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“Only Child” brings a new perspective on the aftermath of a school shooting


Anna Rhoads ’19

Yes, this book will make you cry. Even someone like me, who prides herself on never shedding a tear during movies or books, shamelessly admits to having cried when reaching the end of this novel.

“Only Child” by Rhiannon Navin is a touching story about a family grieving the loss of their oldest son, Andy, after the Sandy Hook Elementary School shooting in 2012. The book is told through the perspective of Andy’s younger brother, Zach, as he recounts the weeks after the shooting. The book came out on Feb. 6 of this year, and although it is categorized as fiction, it is based heavily on the true events of Sandy Hook. The novel reaches an emotional culmination after recounting the terrible injustice of a family losing their 10 year old son, and the humanistic journey that follows.

“Only Child” was released a mere eight days before the recent school shooting in Parkland, Florida and especially considering protests like March for Our Lives and National School Walkout Day, the stories of families touched by gun violence are gaining momentum and volume. However, something that sets this book apart is that it is nonpartisan.

For John Boyne, a writer for the Irish Times, he perceives this lack of stance on gun reform as cowardly. “One wishes that authors would take a position – any position – regarding America’s relationship with guns, even if that results in a commercial backlash.”

Personally, I believe books arguing for gun reform are incredibly important, but that doesn’t negate the significance of novels that are free of political affiliation. Instead, they focus solely on relaying a story of grief and recovery.
Similarly, “Only Child” is unique in its perspective. Zach’s innocent outlook is precisely why I loved this book so much. He is six years old and his perception of the world is comparatively simplistic when contrasted with his mother and father. However, his innocent viewpoint proves to be more accessible to the truth than that of his parents, which is more complex. When he reveals this outlook to his parents it serves as a revelation for them, and enables the family to go forward in their grieving of Andy.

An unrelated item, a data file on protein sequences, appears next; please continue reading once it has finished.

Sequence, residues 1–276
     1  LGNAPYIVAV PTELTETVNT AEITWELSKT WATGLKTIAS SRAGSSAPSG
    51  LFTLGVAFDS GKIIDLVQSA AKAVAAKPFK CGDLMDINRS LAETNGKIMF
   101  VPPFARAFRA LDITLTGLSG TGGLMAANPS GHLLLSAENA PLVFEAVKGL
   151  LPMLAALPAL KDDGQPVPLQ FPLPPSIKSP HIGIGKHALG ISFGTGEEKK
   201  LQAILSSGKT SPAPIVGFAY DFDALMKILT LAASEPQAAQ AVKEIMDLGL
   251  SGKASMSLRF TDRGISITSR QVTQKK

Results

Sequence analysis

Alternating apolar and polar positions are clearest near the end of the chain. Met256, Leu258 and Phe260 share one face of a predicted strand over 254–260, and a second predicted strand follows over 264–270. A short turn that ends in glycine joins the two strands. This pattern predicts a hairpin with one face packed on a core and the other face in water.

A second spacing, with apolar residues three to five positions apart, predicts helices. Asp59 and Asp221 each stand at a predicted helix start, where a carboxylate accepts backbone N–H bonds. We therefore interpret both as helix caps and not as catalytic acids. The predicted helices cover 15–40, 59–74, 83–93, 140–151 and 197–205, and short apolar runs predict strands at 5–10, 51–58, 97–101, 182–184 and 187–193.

For example, at one point in the book, Zach makes himself a hideout in Andy’s room. There, he finds sanctuary from the reporters flooding his home and fights between his parents, which he calls “thunderstorms.” In this hideout, he also reads books aloud to his no-longer-present brother in order to feel closer to him. One book Zach starts reading is part of Mary Pope Osborne’s “Magic Tree House” series. In this book, two main characters try to find four secrets to happiness. These secrets, although trivial on the surface, give Zach hope that he can alleviate the grieving and fighting in his home. By the end, the secrets have an enormous impact on his family. In a way, the children’s book is an analogy for Zach’s vantage point.

Never have I been so touched by a book. It beautifully portrays a story of grief while also instilling the values of love and sympathy that Zach teaches his family. My one critique of this book is that I wish there were more pages for me to read. Everyone should experience the insightful wisdom that comes from Zach’s innocent views.
Pick this book up from the library or a book store or order it here.

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